Nail bombs use shrapnel like steel balls, razors, screws and other pieces of metal to enhance their destructive capacity. They were used in Britain by the Irish Republican Army in its campaign against the British government, including in a 1981 attack in central London that killed one women and injured 50 others.
— Gerry Mullany
Controlled Explosion Afterwards
Speculation that there might be another explosive device rose hours after the blast at deaths at the concert hall when the Manchester police said they had carried out “precautionary controlled explosion in Cathedral Garden.” It turned out to have been abandoned clothing, the police said, “not a suspicious item.”
— John Harney
Attack Came After ISIS Plea
Last week, the Islamic State released a 44-minute video featuring fighters of different nationalities, enjoining their supporters back home to carry out acts of violence. Among them was a man identified as a British national, according to a translation of the video provided by the Middle East Media Research Institute, which tracks jihadi propaganda.
Besides the threat last week, ISIS has repeatedly targeted the U.K. in its propaganda, though with little effect until earlier this year.
— Rukmini Callimachi
Arena Largest Such Venue in Britain
The Manchester Arena is one of the world’s busiest areas, and the largest indoor venue in Britain with a capacity of 21,000, or 18,000 for concerts. It was constructed as part of Manchester’s bid to host the Olympic games in 1996 and 2000, and is connected to the Manchester Victoria Station, which was closed due to the attack.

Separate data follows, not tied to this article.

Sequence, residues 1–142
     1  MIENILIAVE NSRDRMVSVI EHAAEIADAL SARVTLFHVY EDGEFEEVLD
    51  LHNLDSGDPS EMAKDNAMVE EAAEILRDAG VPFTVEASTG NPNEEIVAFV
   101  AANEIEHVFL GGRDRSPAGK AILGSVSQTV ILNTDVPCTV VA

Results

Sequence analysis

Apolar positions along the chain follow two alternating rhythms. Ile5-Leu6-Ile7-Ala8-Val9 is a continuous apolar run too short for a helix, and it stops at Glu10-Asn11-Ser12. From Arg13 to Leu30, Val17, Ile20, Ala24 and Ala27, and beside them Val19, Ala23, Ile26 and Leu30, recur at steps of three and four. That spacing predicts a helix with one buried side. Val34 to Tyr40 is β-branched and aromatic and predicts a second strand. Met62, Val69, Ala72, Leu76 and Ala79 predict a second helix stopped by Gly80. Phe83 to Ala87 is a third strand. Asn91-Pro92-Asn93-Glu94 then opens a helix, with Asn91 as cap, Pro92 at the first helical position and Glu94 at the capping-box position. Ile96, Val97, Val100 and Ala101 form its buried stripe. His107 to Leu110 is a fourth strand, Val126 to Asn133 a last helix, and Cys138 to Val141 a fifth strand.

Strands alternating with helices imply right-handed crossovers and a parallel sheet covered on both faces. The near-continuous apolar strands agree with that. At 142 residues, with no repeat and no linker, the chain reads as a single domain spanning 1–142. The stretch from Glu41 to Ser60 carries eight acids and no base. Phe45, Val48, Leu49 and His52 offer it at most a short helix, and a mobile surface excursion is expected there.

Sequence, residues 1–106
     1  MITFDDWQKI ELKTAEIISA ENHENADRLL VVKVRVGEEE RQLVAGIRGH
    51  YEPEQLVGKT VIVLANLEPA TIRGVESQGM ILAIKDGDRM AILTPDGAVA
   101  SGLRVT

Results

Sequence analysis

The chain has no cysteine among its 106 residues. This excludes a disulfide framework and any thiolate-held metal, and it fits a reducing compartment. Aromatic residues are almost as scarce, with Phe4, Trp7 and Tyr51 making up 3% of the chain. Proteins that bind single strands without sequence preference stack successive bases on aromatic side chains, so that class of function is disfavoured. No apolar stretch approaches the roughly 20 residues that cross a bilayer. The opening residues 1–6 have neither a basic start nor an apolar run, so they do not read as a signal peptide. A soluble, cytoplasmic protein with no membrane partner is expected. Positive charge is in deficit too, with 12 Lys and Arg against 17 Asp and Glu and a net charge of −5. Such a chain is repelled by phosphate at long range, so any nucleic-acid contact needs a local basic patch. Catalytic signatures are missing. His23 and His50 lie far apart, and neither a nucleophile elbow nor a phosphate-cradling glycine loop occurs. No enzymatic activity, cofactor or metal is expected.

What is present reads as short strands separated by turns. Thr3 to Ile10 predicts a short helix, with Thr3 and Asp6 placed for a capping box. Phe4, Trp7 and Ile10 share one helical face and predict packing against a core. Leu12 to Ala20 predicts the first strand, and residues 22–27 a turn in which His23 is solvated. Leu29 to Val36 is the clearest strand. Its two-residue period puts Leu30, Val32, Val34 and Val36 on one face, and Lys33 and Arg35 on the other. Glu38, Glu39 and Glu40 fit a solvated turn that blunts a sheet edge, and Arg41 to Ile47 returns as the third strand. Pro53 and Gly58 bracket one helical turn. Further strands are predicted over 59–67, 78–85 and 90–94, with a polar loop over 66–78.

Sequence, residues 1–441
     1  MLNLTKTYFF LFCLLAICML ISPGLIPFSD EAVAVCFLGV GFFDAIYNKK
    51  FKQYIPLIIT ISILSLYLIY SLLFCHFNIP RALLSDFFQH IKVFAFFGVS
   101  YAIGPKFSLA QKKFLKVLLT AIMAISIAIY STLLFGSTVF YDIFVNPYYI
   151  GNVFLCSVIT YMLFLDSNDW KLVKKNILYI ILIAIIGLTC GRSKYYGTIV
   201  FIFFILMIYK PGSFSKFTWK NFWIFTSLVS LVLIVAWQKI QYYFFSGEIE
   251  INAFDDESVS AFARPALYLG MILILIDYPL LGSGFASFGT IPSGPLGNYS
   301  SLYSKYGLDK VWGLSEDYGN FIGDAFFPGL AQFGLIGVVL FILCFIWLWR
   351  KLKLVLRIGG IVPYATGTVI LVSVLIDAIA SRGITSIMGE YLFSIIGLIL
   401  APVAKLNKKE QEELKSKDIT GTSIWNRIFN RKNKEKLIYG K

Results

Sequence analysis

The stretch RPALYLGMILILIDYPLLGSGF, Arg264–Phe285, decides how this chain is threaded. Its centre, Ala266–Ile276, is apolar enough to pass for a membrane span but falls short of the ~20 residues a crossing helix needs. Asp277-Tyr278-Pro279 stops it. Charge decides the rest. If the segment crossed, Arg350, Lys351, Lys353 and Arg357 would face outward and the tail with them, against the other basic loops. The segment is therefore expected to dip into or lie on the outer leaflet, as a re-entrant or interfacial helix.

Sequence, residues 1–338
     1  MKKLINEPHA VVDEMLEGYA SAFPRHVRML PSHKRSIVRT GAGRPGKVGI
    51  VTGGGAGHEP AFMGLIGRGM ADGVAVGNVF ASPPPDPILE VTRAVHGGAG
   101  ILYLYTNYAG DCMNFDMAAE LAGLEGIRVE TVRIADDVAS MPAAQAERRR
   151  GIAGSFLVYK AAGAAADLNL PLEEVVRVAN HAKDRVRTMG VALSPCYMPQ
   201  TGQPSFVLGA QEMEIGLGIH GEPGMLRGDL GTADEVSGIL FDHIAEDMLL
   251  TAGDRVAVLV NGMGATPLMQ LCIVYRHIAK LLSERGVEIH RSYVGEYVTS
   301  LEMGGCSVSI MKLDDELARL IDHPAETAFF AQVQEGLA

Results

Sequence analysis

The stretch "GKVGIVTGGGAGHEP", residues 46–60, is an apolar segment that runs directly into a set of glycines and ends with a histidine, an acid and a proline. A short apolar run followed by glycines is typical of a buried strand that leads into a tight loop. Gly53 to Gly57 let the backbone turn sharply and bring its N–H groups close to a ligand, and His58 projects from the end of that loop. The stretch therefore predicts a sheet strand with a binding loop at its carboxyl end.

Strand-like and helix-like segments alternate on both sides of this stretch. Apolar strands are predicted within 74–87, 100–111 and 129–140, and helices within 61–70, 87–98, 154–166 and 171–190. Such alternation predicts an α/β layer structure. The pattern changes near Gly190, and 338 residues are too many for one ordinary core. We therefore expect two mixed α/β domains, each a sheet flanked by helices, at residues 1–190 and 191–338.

The Arena opened in 1995 and has hosted some of the world’s leading musical acts, including The Rolling Stones, U2, Madonna and Luciano Pavarotti. It also hosted the 2002 Commonweath Games.
— Gerry Mullany
Rail Service at Busy Hub to Remain Suspended
Rail service at Manchester Victoria, a major transportation hub in the city, was suspended late Monday night and will remain closed on Tuesday. Manchester’s light rail service, Metrolink, has also been suspended at the station.
Manchester Victoria, which was used by more than 7 million passengers in 2015-16, is one of the busiest rail stations in England.
— Matthew Haag
Firm Describes Security at Arena
The Pennsylvania-based company SMG manages the Manchester Arena, and Wes Westley, the president and CEO of the company, described the precautions at the venue.
“It is obviously as tight security as anywhere in the states,” he said in an interview. “Backpacks are not allowed. Drinks are taken away from people. You have to go through very strict security to enter the arena.”
He explained that attendees arrive through a large public foyer, which is where the explosion occurred. The area, which connects to the Manchester Victoria rail station, is where parents often wait for their children after the concerts.
The incident “occurred in a public space outside of Manchester Arena,” the company said.
— Ben Sisario
U.S. Intelligence Briefed on Attack
Intelligence officials in the United States were briefed on the Manchester explosion late Monday and were told it appeared to be a terror attack, said one senior official who was not authorized to discuss the situation publicly and spoke on condition of anonymity.
The Department of Homeland Security said it was monitoring the situation and it had “no information to indicate a specific credible threat involving music venues in the United States” while warning Americans in Manchester to be vigilant.
“U.S. citizens in the area should heed direction from local authorities and maintain security awareness,” the department said in a statement. “We encourage any affected U.S. citizens who need assistance to contact the U.S. Embassy in London and follow Department of State guidance.”
— Adam Goldman and Gerry Mullany